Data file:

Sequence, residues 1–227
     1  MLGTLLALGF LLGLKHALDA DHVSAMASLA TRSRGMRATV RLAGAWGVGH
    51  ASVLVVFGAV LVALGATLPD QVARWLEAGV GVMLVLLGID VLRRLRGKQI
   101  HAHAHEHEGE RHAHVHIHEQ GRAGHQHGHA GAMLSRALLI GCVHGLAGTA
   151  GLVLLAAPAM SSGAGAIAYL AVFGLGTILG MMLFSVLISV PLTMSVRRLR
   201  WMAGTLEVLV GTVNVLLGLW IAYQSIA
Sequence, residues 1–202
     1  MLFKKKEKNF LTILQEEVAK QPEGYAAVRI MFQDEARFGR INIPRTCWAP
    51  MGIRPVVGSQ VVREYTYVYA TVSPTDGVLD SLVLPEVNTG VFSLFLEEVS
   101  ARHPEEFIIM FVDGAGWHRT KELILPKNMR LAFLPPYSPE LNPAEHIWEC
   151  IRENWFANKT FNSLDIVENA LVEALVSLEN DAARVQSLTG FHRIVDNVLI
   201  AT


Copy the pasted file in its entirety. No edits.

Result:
Sequence, residues 1–227
     1  MLGTLLALGF LLGLKHALDA DHVSAMASLA TRSRGMRATV RLAGAWGVGH
    51  ASVLVVFGAV LVALGATLPD QVARWLEAGV GVMLVLLGID VLRRLRGKQI
   101  HAHAHEHEGE RHAHVHIHEQ GRAGHQHGHA GAMLSRALLI GCVHGLAGTA
   151  GLVLLAAPAM SSGAGAIAYL AVFGLGTILG MMLFSVLISV PLTMSVRRLR
   201  WMAGTLEVLV GTVNVLLGLW IAYQSIA
Sequence, residues 1–202
     1  MLFKKKEKNF LTILQEEVAK QPEGYAAVRI MFQDEARFGR INIPRTCWAP
    51  MGIRPVVGSQ VVREYTYVYA TVSPTDGVLD SLVLPEVNTG VFSLFLEEVS
   101  ARHPEEFIIM FVDGAGWHRT KELILPKNMR LAFLPPYSPE LNPAEHIWEC
   151  IRENWFANKT FNSLDIVENA LVEALVSLEN DAARVQSLTG FHRIVDNVLI
   201  AT